It is too early to tell. But I’m sure the future won’t be the same as the past. Many of us will adjust the way we work. Collaboration and innovation no longer need to be in an office; the principle of working from anywhere is here to stay. However, we will need to adjust how we inspire our teams. Connecting in 2D can take place around the world 24/7, and our strategy must adjust to succeed in a post-COVID world. Our customers’ needs are also likely to change; their development cycles will continue to accelerate, and their data needs will grow. Our sustainability responsibility and global equality will influence how we grow and inspire. The future shapers of our society and business community will have an opportunity to increase diversity in so many ways. Ethical and social decisions will influence the company’s culture. I believe that our strategy of putting our employees and customers first is the right mindset for HBK.

What actions can we take today to remain competitive under similar or worse scenarios in the future?

Deploy Lean. All day every day. We remove the waste and make ourselves super-efficient. Think about how impactful it would be if all processes were optimized and executed flawlessly, how much more time would you then have to serve the customer or to find other ways to continuously improve. It is so important to embrace a Lean culture, to be comfortable in coaching each other, using data to find problems, using Lean tools to solve them, and that as a high performing team we stretch ourselves to ‘Aim High’. We have a great foundation on which to build our Lean culture. I’m seeing teams embrace this way of thinking and I’m seeing fantastic ideas on where we need to improve for our customers. Lean is the catalyst to ensure our bright future, keep us competitive, inspire us to innovate, and engage our people to own the improvements.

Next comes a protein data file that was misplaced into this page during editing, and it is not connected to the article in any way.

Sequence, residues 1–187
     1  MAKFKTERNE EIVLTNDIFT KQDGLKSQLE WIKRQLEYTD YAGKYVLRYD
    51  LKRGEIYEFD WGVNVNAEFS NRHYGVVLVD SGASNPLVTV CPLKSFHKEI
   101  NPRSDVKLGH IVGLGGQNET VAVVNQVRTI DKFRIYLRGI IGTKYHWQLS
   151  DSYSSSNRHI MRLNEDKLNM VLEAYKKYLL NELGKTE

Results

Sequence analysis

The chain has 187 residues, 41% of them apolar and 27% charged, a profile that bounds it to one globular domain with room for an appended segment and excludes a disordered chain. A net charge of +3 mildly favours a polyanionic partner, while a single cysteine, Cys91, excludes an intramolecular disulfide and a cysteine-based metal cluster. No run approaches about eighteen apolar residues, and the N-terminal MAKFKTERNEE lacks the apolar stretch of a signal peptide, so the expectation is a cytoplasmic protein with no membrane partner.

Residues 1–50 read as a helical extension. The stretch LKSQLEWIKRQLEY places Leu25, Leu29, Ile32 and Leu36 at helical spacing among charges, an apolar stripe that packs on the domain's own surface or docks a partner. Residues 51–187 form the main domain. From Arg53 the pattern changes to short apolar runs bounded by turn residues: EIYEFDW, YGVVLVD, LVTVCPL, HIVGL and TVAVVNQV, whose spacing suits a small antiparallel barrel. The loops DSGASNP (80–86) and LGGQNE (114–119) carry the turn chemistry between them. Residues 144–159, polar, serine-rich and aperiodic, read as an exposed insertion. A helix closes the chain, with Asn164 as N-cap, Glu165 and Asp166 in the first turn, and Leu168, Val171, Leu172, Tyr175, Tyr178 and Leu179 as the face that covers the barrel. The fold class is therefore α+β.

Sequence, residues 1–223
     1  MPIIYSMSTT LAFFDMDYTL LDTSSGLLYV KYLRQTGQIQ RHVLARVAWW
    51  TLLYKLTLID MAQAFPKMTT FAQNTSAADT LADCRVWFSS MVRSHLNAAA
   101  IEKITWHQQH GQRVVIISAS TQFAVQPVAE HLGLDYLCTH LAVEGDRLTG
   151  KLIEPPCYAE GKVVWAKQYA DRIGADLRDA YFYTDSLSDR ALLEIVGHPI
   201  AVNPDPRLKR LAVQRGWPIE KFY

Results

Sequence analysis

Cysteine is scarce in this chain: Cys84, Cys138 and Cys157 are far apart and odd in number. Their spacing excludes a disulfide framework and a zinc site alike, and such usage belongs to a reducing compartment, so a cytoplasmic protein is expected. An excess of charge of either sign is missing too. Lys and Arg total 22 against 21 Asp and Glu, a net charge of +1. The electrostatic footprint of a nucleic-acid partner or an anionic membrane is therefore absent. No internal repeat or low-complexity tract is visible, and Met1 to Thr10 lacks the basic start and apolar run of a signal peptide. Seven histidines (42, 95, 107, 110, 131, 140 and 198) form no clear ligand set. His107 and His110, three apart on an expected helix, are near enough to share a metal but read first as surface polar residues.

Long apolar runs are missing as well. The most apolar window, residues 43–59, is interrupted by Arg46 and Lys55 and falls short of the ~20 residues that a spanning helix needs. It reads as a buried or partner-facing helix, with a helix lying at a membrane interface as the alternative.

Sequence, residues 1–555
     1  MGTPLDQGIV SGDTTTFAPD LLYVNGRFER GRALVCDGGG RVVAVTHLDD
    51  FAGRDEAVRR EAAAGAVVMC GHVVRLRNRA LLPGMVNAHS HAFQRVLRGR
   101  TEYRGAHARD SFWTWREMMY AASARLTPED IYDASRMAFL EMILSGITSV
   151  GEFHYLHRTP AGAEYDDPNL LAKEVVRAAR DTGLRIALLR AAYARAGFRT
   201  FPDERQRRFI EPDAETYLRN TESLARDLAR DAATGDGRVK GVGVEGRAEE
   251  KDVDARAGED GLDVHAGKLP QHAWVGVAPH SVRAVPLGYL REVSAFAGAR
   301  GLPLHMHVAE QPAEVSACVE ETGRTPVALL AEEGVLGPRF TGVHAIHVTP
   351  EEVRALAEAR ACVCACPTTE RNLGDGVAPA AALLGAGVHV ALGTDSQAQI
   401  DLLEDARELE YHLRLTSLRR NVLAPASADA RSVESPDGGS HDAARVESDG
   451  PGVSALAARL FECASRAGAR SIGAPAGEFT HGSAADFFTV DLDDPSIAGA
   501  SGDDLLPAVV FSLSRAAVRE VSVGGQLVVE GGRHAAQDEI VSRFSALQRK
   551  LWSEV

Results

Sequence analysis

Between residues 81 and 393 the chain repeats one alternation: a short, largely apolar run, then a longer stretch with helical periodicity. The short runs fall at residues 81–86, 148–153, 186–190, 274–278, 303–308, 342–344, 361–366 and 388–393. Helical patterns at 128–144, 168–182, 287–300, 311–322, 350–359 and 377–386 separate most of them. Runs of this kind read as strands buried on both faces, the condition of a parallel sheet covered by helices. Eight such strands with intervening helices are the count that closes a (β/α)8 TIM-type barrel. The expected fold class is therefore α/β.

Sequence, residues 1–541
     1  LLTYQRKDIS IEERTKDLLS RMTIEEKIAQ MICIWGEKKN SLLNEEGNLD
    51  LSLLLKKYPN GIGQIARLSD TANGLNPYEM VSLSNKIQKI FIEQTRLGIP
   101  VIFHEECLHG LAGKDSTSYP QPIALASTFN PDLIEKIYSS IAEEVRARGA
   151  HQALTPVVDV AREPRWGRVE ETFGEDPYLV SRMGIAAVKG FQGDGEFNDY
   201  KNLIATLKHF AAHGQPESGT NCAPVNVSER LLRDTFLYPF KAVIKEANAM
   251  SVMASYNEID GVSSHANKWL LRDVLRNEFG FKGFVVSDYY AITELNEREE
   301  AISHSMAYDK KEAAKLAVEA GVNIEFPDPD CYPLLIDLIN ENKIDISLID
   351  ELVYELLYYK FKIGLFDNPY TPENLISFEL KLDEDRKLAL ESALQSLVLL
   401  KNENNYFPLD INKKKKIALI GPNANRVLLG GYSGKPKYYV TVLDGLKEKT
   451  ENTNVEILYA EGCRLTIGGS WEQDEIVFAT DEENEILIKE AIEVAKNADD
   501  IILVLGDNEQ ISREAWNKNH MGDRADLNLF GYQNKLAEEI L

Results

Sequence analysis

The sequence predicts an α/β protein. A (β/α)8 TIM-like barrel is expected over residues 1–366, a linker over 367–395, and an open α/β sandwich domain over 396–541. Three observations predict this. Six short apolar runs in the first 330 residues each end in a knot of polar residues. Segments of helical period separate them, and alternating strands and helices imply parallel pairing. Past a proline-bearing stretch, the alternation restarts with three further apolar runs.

Crisis has afforded us time for reflection – how has the world of HBK changed from your perspective?

We are more open, more flexible, more engaging. We are learning the importance and power of communication and the need to reward and recognize our teams. The virus is a leveller. It has forced us to get close to people and customers. A sense of community has been rebuilt, an ‘in this togetherness’. We should hold onto this more altruistic perspective and grow from here. Sure, we need to deliver shareholder return, but at the same time we can be mindful of our cultural, social, environmental, and ethical footprint. I’ve certainly been more reflective throughout – challenged myself to think differently. I’m more conscious of our future actions and the company we want to have in the long term. Let us not lose the benefits the crisis has brought. There has been tremendous suffering around the world, and we have an opportunity to focus on a positive legacy. Just one area I spend more time on now is mental wellness. In a safety-first culture the unseen mental wellness impacts of COVID-19 must be better understood and supported. I will continue to think about my role in an organization where we gain greater knowledge on mental wellness, remove the stigma, and help to promote preventative practices.